READ THE TERRIBLE TWELVES VIA TAPASTIC!

READ THE TERRIBLE TWELVES VIA TAPASTIC!
A YA fantasy by Emily Devenport and Ernest Hogan

Thursday, February 24, 2011

AND THE GREAT PENIS RIP-OFF GOES ON

For those of you younger folks out there, back in the Nineteen-Hundreds, “rip-off” was slang for “steal” . . .

Sometimes I have to remind myself that I am a successful writer. Even though I may look like just another Chicano with a baseball cap and a pickup truck driving back and forth across the Metro Phoenix Area, trying to scrape together a living, I've published novels and short stories. People have said that they liked them. Hell, some of them have gotten kinda, sorta famous.

Or maybe that should be “infamous.”

Especially, one called “The Frankenstein Penis.”

It was back in the Eighties. The Nineteen-Eighties. I had published a few things – art and writing -- but still couldn't make that into any kind of steady income. I still believed in that Holy Grail of making a money off my creative pursuits. As a result, I was broke and desperate.

Then I found out that Hustler was paying five thousand dollars for a short story. What was I doing wasting my time with these penny-ante science fiction magazines? I studied the magazine, and like a true professional, came up with “The Frankenstein Penis” – an exercise in crass commercialism as filtered through my twisted mind.

Hustler rejected it. So did every other sleazy men's mag I sent it to.


Later I found out that Rudy Rucker and Peter Lamborn Wilson were doing an anthology and were asking for, among other things, “All-Meat Science Fiction.” That seemed to describe my story so I submitted it, and it was published in Semiotext(e) SF along with William S. Burroughs, J.G. Ballard, Philip José Farmer, Robert Sheckley, Robert Anton Wilson, and many more writers who are still alive.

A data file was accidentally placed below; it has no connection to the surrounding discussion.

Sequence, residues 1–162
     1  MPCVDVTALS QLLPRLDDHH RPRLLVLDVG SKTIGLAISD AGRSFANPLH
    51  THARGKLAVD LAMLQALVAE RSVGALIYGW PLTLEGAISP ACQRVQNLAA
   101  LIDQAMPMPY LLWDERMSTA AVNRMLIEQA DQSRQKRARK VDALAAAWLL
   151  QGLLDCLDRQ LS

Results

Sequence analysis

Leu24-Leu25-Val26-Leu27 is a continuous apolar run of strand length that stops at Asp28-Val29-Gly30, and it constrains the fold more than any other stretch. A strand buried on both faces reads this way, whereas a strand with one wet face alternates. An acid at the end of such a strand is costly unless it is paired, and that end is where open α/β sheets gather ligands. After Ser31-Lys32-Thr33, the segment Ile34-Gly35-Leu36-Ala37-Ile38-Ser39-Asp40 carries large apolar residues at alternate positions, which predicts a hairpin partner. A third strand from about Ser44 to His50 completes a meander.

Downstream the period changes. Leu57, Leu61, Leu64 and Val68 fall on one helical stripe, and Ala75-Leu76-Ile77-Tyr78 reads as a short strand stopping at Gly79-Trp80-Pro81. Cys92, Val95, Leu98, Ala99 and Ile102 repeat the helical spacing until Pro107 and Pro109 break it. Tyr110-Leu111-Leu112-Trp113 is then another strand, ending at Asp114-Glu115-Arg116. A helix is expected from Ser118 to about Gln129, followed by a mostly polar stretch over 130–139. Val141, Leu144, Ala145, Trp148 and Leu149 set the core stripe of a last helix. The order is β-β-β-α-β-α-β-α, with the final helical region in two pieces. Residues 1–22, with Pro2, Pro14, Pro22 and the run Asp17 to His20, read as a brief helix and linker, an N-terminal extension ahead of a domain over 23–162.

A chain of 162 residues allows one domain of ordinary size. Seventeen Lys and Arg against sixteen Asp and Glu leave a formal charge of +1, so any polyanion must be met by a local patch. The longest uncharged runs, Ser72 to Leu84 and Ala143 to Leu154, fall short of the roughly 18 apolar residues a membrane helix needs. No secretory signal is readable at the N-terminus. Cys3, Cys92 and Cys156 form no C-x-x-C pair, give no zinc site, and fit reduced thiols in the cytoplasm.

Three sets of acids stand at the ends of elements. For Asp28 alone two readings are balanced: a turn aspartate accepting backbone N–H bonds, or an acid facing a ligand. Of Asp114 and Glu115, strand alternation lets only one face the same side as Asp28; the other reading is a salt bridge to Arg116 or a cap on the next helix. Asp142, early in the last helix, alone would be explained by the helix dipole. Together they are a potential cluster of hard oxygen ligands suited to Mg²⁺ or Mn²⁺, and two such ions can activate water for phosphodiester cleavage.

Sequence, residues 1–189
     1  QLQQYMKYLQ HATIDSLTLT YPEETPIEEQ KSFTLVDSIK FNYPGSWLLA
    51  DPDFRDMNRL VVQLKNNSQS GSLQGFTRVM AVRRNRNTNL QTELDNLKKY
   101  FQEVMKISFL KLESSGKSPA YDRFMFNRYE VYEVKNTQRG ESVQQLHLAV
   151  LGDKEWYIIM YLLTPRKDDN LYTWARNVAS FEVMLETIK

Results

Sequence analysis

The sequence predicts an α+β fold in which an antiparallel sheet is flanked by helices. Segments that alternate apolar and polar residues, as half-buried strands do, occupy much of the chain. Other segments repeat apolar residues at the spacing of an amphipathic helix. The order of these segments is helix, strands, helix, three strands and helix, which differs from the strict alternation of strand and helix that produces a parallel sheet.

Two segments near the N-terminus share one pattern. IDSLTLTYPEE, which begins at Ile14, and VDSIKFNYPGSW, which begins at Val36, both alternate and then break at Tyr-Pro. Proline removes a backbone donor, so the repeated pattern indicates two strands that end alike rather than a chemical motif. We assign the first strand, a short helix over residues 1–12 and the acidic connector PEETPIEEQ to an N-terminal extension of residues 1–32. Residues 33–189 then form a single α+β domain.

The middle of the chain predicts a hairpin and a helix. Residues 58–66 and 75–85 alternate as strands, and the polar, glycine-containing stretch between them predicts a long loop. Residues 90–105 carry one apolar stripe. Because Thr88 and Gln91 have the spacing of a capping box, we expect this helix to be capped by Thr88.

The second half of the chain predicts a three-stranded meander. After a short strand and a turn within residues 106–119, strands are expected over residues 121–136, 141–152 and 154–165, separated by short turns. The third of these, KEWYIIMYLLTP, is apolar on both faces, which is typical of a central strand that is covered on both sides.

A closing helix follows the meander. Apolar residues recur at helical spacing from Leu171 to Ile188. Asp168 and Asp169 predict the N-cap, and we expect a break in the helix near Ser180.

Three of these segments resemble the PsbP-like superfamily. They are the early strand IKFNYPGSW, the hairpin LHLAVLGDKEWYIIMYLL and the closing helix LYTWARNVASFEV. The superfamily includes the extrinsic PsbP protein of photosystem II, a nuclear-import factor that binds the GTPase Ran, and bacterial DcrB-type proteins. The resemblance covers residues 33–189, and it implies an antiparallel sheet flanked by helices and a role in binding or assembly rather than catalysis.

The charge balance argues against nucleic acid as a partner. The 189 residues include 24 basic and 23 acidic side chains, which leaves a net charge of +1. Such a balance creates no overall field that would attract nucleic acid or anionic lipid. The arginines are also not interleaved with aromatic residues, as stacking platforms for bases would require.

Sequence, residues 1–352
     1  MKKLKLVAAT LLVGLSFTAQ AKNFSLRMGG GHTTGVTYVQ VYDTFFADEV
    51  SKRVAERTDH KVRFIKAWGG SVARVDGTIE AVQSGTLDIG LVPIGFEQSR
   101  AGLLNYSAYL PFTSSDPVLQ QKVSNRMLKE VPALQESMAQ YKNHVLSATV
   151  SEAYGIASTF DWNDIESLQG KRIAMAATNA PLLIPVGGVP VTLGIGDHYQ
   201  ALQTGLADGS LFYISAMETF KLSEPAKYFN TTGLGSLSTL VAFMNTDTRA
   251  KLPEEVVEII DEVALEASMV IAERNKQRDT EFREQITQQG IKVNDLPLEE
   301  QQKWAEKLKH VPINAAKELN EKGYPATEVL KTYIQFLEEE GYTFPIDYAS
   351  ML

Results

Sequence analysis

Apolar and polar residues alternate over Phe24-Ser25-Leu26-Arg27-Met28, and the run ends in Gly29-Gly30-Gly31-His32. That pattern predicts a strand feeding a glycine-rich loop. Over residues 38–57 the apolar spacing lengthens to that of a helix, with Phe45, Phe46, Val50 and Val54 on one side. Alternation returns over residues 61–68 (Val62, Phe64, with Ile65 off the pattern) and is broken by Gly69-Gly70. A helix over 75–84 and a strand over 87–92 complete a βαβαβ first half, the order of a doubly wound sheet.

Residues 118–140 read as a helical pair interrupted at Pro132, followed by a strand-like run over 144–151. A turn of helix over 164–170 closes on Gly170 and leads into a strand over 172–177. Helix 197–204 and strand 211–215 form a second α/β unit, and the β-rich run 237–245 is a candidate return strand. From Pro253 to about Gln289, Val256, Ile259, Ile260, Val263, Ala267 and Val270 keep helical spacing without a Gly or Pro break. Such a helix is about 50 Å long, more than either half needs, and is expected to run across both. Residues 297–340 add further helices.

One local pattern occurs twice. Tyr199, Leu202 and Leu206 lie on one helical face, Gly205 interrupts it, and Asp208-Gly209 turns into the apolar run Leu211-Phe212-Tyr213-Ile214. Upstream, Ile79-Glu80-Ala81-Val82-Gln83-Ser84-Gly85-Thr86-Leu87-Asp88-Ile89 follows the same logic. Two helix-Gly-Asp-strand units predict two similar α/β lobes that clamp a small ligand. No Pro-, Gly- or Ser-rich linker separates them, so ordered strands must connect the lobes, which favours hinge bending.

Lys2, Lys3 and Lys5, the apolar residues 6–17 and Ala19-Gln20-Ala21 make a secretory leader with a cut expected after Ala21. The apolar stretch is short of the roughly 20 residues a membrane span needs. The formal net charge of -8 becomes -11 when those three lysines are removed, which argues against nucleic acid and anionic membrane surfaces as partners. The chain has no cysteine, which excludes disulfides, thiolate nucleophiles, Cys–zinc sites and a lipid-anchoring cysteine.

It instantly was recognized as the most outrageous of a collection of outrageous stories. Look, Ma! I'm avant garde! Factsheet Five, called it “William Burroughs on steroids.”

It was reprinted in Penthouse Hot Talk, illustrated with an H.R. Giger painting.

Fastforward to the late Nineteen-Nineties, when I first went online. I found an unauthorized translation posted that was also published in a Greek Cyberpunk anthology. The people responsible didn't answer my e-mail.

Later there was a Brazilian Portuguese version of Semiotext(e) SF called Futuro Prohibido. Nobody told me about or sent money for this either. So I just kept slaving away at Borders.


Then I found reviews of a student film called “Phal-O-Krat” that had the same plot my story. I e-mailed Nick Lyon, the director. He begged me not to sue him, and said that he was giving me half-ownership in the film. He did sent me a copy of the DVD, Hellchild: The World of Nick Lyon where it was a special feature . No money, but I could add a film to my résumé.

Recently, I mentioned the film to someone who was curious about it, so I looked it up online again and found yet another student film, this one from Brazil, called “Pênis Frankenstein.” It does not mention me in the credits, but the film is essentially a scene-by-scene (with some slight changes) telling of my story.



So not only has one of my stories been filmed, but there is remake!

I wonder if there are any other student films out here? I don't even want to think about porno versions . . .

And, while preparing this post, I found a link to the whole story in English.

Still no, money, but that's how they treat writers in Twenty-First Century. I guess the moral to this sad tale is, write about a monster penis, and the whole word will want to rip it off.

4 comments:

  1. You forgot the part where you wrote a sequel that's in a bloody impossible-to-find one-shot magazine.

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  2. I didn't forget it -- I left it out so this report didn't become a sprawling epic with a cast of thousands. I may have to write a full account just because it's so damn weird. What do you think? And ebook with "The Frankenstein Penis," "The Dracula Vagina," and an essay/memoir about how all this came to be? Damn! Maybe it would sell . . .

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  3. Throw in "The Werewolf Asshole" for the trifecta and I'll buy it. :P

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  4. I had at one time thought of entire series featuring monsters and body parts, but think I'll hold off on any more sequels until I can get someone to fork over some cash.

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